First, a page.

Validity of data-derived algorithms for ascertaining causes of adult death in two African sites using verbal autopsy
background Verbal autopsy (VA) is used to ascertain causes of death using information obtained from bereaved relatives. Causes of death can be ascertained from VA questionnaires by a panel of physicians or from predefined algorithms. In a previous study, we developed data-derived algorithms using VA data from 796 adult deaths in hospitals in Tanzania, Ethiopia, and Ghana (primary sites). These computerized algorithms accurately estimated the cause-specific mortality fractions (CSMFs) for deaths due to injuries, meningitis, TB/AIDS and diarrhoeal diseases in the primary sites. Since the same data were used to generate and to validate the algorithms, the accuracy of our algorithms may have been overestimated. We report here on the validity of the algorithms when they were applied to VA data from two secondary sites in Ghana and Tanzania. Here, ‘validity’ is taken to mean the degree to which the algorithms replicated the physician-generated CSMF for major causes of death, when applied to the same VA data.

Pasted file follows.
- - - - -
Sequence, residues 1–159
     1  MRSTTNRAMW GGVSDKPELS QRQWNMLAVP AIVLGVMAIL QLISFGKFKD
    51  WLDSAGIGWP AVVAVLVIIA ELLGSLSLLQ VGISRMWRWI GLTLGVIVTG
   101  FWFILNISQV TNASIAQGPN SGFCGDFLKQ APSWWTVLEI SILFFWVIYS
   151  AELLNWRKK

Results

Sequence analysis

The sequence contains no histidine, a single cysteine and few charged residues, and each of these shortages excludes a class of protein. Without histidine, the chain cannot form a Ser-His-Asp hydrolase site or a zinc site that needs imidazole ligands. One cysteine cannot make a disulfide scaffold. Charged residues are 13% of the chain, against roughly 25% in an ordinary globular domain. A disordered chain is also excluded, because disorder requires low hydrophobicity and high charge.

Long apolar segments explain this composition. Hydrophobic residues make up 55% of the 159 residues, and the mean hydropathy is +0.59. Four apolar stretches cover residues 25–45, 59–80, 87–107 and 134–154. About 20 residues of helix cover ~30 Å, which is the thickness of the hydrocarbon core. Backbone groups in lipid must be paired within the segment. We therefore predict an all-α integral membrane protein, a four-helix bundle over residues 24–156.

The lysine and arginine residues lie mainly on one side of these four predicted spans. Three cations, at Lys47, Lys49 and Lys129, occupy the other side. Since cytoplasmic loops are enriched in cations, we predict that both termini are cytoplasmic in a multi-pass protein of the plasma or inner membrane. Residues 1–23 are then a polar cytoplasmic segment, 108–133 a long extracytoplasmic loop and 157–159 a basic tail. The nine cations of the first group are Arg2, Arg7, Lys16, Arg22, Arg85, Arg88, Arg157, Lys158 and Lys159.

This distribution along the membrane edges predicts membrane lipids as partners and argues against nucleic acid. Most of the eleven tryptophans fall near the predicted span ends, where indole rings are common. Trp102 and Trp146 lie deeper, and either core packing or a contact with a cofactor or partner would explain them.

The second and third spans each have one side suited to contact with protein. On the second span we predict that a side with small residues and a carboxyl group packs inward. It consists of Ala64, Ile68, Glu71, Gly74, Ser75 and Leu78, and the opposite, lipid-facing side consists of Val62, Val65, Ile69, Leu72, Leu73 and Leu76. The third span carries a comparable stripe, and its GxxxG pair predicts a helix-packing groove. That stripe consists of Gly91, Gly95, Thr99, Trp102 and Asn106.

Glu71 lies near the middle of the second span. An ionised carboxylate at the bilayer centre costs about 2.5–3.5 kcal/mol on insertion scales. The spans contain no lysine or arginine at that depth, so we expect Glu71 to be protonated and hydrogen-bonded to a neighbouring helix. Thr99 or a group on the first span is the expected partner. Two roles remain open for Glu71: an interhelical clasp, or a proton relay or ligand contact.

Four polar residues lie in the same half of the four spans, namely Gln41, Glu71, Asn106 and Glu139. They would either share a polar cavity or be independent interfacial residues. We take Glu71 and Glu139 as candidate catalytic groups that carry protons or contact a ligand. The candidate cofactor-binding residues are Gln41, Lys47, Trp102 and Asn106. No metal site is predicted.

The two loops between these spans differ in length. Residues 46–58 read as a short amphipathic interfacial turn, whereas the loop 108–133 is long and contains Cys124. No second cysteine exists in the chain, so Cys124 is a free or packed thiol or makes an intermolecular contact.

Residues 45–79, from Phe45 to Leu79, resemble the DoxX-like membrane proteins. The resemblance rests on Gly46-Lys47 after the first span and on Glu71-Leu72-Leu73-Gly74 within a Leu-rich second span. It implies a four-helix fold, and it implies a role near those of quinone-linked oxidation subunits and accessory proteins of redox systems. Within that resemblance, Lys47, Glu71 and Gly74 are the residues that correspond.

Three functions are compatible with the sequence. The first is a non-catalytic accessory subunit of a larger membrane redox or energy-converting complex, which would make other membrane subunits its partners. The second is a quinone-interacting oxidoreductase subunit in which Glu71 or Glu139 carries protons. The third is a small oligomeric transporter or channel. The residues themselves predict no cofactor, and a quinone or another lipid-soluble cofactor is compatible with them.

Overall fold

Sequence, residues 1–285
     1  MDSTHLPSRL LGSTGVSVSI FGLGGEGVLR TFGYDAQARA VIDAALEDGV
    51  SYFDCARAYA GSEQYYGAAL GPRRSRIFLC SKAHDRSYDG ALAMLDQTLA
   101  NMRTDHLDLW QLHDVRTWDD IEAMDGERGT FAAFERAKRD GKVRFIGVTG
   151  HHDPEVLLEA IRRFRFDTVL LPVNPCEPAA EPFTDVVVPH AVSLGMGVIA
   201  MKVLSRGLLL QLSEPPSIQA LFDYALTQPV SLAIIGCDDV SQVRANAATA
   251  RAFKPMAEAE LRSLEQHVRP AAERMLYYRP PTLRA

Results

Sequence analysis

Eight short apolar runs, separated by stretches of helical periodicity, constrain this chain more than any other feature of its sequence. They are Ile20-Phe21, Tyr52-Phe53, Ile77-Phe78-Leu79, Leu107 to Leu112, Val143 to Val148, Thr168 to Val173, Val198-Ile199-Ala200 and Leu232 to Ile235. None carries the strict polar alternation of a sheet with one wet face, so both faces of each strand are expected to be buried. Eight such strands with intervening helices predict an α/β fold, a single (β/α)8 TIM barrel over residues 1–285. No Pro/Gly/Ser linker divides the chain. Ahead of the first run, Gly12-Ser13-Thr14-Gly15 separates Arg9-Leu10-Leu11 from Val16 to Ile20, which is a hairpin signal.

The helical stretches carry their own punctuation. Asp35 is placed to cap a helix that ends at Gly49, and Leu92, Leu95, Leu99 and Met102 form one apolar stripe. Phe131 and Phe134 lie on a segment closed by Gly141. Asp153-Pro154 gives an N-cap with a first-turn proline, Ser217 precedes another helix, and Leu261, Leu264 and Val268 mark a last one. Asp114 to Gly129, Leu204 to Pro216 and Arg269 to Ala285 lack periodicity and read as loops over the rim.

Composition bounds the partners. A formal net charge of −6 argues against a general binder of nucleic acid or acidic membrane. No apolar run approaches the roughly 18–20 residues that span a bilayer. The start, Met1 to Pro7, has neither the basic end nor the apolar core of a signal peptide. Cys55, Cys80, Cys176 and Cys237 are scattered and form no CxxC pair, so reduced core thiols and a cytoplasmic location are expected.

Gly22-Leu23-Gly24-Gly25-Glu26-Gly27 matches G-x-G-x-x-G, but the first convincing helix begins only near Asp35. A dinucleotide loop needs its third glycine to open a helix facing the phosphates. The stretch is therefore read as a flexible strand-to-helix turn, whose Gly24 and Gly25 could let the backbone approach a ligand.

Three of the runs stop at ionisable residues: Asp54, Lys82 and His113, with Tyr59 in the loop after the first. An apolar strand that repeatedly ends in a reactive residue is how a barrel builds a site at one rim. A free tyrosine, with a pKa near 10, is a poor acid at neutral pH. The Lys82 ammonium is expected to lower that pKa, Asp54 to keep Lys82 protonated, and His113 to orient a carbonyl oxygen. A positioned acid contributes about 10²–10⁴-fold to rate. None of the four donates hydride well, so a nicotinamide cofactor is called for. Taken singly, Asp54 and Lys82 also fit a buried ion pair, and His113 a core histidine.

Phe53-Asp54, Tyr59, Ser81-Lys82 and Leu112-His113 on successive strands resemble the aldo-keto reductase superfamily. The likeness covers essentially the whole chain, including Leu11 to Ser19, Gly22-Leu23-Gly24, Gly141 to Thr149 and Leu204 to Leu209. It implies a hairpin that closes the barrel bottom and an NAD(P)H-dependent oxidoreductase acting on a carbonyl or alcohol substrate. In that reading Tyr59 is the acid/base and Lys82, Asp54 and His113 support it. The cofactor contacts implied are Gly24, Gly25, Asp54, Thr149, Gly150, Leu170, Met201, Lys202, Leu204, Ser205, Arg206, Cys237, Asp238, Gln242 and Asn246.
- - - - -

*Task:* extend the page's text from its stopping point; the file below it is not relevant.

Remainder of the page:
methods VA interviews were conducted in two secondary sites: in Navrongo, Ghana, on 406 adult deaths, where three local physicians independently reviewed the questionnaires and assigned a cause of death. In Morogoro, Tanzania, VA interviews were conducted on 209 adult deaths, and a panel of physicians independently reviewed the VA questionnaires together with the hospital death certificates or hospital records to determine the cause of death. The CSMF obtained using each algorithm was compared with the CSMF obtained using physician review.
results For injuries and meningitis, the algorithms and physician review estimated a similar CSMF in the Morogoro and Navrongo data. For TB/AIDS, the algorithm estimated a similar CSMF as the physicians in Morogoro. The algorithm for diarrhoeal diseases did not agree closely with the physicians in Morogoro or Navrongo.
conclusions In general, our data-derived algorithms for assigning causes of death due to injuries, meningitis, and TB/AIDS estimated a similar CSMF as the physicians in the secondary sites. Recommendations for further validation and refinement are discussed. Computerized algorithms offer a potentially quick, affordable, and feasible method for assigning causes of death in mortality surveillance or studies using VA.
Document Type: Research Article
Affiliations: 1: London School of Hygiene and Tropical Medicine, London, UK 2: Adult Morbidity and Mortality Project, Ministry of Health, Dar es Salaam, Tanzania 3: Navrongo Health Research Centre, Navrongo, Ghana
Publication date: January 1, 2000